The specialty foods section is red-hot. Just how hot? In this guest post by Thilo Henkes of L.E.K. Consulting, we delve into just how much an impact this can have on the packaging industry, and what you can do to take advantage of it.
In its recent research, L.E.K. Consulting found that over 80% of consumers regularly purchase at least one type of specialty food product (including those labeled "all-natural," "enhanced" or "alternative"), while some two-thirds are willing to pay upwards of 18% more on average for these items.
Guest post by Thilo Henkes, Managing Director and Partner with L.E.K. Consulting.
The expansion of the specialty food segment reflects a growing desire among consumers to embrace a healthier lifestyle, and includes not only longtime purchasers of specialty products but also “casual” shoppers drawn to brands like Kind Bar, Annie’s, Chobani and others that have successfully crossed from specialty retail into the grocery mainstream.
As consumers become increasingly engaged with healthy living, demand for innovative specialty food products is expected to continue its upward trajectory.
This puts the onus on the packaging industry to provide containers that are distinctive in design yet rugged enough to withstand special filling processes, as well as equipped with air-tight closures to prolong shelf life. Accordingly, packaging companies must act swiftly in order to capitalize on this burgeoning market.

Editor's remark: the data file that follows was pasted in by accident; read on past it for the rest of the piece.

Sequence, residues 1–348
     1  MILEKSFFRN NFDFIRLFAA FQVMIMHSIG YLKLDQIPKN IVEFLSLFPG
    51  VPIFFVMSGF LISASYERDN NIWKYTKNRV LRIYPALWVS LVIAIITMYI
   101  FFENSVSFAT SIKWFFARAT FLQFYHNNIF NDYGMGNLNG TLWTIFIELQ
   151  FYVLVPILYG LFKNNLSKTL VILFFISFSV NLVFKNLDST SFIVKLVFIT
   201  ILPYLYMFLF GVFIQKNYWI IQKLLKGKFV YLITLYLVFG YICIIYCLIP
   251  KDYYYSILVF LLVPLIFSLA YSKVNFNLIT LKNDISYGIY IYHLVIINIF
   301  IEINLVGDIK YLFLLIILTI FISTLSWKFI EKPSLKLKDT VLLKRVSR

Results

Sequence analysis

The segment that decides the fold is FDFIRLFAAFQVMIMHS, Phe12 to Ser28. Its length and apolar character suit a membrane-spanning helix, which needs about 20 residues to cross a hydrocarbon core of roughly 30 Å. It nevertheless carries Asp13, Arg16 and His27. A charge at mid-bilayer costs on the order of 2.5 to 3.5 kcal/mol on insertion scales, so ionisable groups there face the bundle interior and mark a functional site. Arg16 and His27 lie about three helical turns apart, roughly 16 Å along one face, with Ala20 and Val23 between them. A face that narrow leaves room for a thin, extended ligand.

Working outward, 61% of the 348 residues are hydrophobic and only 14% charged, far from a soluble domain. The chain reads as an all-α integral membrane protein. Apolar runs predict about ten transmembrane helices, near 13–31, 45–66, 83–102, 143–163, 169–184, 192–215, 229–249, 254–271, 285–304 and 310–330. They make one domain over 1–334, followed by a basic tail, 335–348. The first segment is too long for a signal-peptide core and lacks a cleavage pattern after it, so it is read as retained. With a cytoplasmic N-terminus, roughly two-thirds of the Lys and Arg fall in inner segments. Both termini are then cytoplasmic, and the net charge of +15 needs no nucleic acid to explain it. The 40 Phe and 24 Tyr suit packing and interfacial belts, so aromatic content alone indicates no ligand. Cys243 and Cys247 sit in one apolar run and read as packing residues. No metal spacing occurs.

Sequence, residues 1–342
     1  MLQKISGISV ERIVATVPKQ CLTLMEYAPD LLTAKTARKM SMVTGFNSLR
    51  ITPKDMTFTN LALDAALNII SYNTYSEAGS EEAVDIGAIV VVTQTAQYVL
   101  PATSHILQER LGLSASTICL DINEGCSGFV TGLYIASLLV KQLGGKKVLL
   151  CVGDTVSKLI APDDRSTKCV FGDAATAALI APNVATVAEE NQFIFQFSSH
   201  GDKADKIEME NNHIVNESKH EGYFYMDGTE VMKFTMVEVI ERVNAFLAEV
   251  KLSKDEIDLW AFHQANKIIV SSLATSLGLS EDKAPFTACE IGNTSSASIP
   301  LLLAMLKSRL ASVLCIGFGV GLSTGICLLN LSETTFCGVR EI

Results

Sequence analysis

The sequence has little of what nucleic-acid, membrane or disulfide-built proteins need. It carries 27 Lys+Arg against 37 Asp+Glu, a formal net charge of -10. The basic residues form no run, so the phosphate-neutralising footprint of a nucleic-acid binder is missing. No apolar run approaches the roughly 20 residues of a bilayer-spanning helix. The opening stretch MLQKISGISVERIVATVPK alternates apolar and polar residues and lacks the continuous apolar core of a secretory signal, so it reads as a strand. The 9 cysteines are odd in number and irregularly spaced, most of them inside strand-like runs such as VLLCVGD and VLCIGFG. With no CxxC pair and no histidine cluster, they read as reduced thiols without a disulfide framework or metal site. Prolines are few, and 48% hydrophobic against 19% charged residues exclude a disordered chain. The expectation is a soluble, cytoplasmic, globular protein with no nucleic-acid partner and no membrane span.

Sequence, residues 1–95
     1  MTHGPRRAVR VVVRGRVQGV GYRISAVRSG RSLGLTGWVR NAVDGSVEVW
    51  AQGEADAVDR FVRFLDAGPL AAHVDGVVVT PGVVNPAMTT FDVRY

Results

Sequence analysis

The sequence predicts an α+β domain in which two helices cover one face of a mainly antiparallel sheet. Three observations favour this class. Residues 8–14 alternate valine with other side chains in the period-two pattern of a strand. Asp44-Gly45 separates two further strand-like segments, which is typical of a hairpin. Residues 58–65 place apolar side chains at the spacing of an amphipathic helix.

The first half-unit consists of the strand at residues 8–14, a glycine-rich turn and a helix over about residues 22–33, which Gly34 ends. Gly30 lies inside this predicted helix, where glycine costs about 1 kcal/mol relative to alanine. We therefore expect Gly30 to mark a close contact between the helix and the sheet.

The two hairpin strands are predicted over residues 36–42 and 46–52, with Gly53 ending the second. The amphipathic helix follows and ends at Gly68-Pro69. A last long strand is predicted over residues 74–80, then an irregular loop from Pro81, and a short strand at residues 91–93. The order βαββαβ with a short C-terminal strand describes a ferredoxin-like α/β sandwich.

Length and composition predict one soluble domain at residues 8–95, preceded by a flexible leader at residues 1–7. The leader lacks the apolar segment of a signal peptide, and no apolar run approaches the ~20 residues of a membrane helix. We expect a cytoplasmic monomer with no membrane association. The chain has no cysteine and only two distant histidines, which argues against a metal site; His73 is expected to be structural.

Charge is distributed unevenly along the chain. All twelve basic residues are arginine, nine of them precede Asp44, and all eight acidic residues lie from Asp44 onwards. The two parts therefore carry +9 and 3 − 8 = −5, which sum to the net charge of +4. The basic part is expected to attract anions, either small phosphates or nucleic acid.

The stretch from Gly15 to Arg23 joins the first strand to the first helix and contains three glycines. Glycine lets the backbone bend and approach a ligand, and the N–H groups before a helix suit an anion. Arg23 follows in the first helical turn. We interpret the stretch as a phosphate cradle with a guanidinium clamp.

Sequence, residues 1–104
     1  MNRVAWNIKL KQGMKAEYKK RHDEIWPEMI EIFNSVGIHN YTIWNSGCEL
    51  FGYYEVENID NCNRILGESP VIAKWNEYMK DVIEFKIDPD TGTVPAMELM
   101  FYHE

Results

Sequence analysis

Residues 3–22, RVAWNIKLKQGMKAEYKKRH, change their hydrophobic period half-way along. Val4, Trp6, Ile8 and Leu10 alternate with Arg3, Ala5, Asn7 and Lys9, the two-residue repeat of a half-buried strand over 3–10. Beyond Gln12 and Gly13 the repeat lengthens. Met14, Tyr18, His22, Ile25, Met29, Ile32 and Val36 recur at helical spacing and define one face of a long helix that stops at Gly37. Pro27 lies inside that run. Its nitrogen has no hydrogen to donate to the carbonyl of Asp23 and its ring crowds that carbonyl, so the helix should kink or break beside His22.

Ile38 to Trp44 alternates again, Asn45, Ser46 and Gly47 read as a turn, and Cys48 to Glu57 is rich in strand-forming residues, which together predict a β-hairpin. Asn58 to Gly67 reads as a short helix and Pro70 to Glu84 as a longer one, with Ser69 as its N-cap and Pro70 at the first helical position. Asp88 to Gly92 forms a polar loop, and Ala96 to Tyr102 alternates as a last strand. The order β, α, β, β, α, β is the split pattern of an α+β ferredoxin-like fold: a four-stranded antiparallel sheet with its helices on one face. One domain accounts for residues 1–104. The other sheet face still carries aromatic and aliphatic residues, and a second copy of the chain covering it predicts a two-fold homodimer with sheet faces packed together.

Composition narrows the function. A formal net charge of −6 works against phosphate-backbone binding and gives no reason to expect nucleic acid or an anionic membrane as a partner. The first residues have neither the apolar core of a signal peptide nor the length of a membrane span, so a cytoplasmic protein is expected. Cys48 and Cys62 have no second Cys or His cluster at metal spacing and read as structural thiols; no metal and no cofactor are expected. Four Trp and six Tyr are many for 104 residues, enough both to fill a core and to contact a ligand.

Expert Interview: Thilo Henkes on How Packagers Can Keep Pace With the Increased Demand for Specialty Packaging
Specialty Goes Mainstream
Specialty products run the gamut from organic foods to vitamins, herbs and other supplements
Fast-growing categories include snacks (such as Kettle Spicy Thai potato chips and Archer Farms Greek-inspired potato chips), "foods with pieces" (beverages and soups containing bits of fruit, vegetables or juice pulp) as well as "ethical" products made without preservatives, microbe-killing acids or GMOs.
In the past, unique, hard-to-find products, including those sourced from smaller manufacturers, were primarily available through specialty retailers such as Trader Joe’s and Whole Foods.
With specialty foods gaining greater acceptance, the segment has since evolved and now spans different regions, demographics and income levels. Along the way, mainstream grocers have responded by increasing specialty shelf space.
The Rise of Tier 2 Brands
Conditions have been particularly ripe for small to medium regional and private-label Tier 2 brands, many of whom have gained market share at the expense of their larger national or global Tier 1 counterparts.
One of the more notable “crossover” stories is gluten-free food maker Udi's, which made its conventional grocery debut in 2010, on its way to becoming one of the fastest-growing packaged-food brands in recent times (the company was subsequently purchased by Smart Balance Inc. in 2012 for $125M).
This isn’t just a fad. The trend has widened, and has become much more sustainable.
Even as they achieve scale, however, brands like Udi’s have sought to maintain their specialty appeal. Frequent rollouts of innovative products and packaging are necessary for brands to continually distinguish themselves among the pack of existing alternative and up-and-coming copycat products.
Impact of Fragmentation
Growing demand for specialty food products is part of a broader shift that is impacting a variety of consumer categories. We’re seeing increased brand and SKU fragmentation as a result.
This, in turn, has led to a greater number of products vying for shelf space. As such, the ability to convey product freshness as well as sustain consumer interest through differentiated packaging has become a key consideration for brands seeking a competitive edge.